The unusual forked tail on the White Furcula caterpillar may be the first thing one notices, but it is not the last unusual feature on this larva.
Furculas are a type of nocturnal moth with a lovely mop of hair by the head and 'shoulders'. The furry crest has ribbons of metallic blue and dark yellow color in it. The White Furcula is not completely white, but those parts that are have a clean, snowy brightness. A dark gray, almost salt-and-pepper colored band crosses the middle of the wings, with smaller corners of dark color by the tips. A border of the same metallic blue and yellow separate the dark from the light regions. The white areas have a line of black dots that follow their curvy boundaries, and a row of these black dots hug the bottom edges of the wings. Black legs are loaded with long, white tufts of hair.
The caterpillar of the White Furcula is yellow or green with a dark brown diamond at the center of its body. This brown color also covers the head and runs a line down through a long, thin, forked tail. Furcula actually means 'forked' and this tail is about half as long as the caterpillar itself, and may be sticking straight up in the air or stretched behind the rear, extending the overall length of the larva. The segments behind the head may be swollen and come to points on either side, or they may be rounded, depending on maturity. The function of its coloring and pattern is to mimic the leaves, both alive and dried up, that it feeds on.
Look for adults and caterpillars on cherry trees, but also on willow and poplar trees. Two broods are produced each year and adults can be seen from spring through the end of summer.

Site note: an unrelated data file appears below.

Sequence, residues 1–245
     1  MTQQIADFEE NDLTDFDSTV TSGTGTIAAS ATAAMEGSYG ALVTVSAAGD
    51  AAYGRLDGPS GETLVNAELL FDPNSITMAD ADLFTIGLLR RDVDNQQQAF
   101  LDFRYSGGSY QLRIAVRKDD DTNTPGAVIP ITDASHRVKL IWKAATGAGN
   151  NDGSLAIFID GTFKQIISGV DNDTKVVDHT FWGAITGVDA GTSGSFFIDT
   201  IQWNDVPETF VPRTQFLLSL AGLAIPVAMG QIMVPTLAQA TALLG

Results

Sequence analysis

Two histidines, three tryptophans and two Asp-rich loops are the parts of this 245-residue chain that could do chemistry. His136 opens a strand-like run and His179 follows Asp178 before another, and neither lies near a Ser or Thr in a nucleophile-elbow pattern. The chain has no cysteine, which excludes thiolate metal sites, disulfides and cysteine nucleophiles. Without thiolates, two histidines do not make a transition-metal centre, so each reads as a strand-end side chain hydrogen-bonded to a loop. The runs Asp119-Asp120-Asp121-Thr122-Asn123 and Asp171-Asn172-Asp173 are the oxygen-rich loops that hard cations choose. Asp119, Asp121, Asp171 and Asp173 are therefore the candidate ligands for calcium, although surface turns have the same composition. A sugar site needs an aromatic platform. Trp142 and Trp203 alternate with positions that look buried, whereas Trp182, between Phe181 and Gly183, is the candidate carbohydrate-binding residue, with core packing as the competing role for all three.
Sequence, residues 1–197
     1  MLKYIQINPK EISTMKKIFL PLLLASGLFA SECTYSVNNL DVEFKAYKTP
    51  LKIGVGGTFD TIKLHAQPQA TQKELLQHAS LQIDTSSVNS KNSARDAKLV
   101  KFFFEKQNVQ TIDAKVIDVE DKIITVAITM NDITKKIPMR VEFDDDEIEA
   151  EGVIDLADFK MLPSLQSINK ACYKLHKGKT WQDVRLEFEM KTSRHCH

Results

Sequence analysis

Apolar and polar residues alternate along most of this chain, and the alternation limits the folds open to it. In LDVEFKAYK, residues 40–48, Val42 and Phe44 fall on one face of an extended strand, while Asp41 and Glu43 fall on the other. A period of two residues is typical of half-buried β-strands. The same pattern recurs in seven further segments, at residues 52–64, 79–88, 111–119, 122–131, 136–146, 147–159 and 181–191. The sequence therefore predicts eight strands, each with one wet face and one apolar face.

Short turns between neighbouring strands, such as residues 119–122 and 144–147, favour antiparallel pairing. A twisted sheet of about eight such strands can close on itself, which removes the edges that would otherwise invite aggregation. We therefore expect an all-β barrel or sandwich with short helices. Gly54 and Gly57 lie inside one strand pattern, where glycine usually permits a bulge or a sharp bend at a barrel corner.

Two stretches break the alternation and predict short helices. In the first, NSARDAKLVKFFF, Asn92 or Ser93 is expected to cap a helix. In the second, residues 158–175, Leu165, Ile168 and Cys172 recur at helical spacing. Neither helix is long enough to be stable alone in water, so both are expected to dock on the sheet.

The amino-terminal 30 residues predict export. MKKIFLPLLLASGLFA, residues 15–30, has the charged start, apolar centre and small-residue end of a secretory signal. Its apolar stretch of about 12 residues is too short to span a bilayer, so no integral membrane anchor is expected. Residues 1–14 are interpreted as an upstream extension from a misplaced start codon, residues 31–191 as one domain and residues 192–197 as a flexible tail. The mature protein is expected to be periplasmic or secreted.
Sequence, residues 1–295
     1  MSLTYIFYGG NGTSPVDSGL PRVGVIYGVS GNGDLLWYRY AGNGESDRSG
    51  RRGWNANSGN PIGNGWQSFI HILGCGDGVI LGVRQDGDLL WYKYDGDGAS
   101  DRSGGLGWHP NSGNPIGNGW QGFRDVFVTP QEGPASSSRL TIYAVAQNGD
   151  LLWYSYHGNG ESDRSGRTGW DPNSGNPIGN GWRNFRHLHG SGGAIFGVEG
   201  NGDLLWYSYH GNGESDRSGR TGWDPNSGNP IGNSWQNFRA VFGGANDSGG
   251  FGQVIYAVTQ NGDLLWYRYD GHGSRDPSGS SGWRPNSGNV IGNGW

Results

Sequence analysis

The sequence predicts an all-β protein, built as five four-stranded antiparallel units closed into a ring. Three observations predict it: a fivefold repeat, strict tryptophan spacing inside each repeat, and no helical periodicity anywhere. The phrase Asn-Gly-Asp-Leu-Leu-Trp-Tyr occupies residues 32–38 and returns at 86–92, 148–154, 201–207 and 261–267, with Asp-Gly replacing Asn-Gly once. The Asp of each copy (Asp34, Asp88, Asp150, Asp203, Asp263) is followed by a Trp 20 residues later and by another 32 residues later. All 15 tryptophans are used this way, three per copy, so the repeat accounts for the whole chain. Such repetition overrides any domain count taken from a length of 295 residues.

Scientific Name: Furcula borealis
Butterfly or Moth
Size (Adult; Length): 30mm to 42mm (1.17in to 1.64in)
Colors: white, black, gray, orange, blue
Descriptors: metallic, shiny, patches, salt-and-pepper, grey, furry, flying, black dots
Note: An insect's reach is not limited by lines drawn on a map and therefore species may appear in areas, regions and/or states beyond those listed above as they are driven by environmental factors (such as climate change), available food supplies and mating patterns. Grayed-out selections indicate that the subject in question has not been reported in that particular territory. U.S. states and Canadian provinces / territories are clickable to their respective bug listings.
Butterfly and Moth Anatomy
Antennae: Butterflies and Moths have a pair of antennae on the head used as sensors.
Head: The head is home to the insect's eyes, antennae, and proboscis.
Thorax: Home to the three pairs of legs as well as vital internal organs.
Abdomen: Contains vital internal organs such as the heart(s) and reproduction facilities.
Forewing: The upper, forward wing pair used for flying.
Hindwing: The lower, rearward wing pair used for flying.
NOTE: Butterflies and Moths are part of the Lepidopteran order as they share many similarities.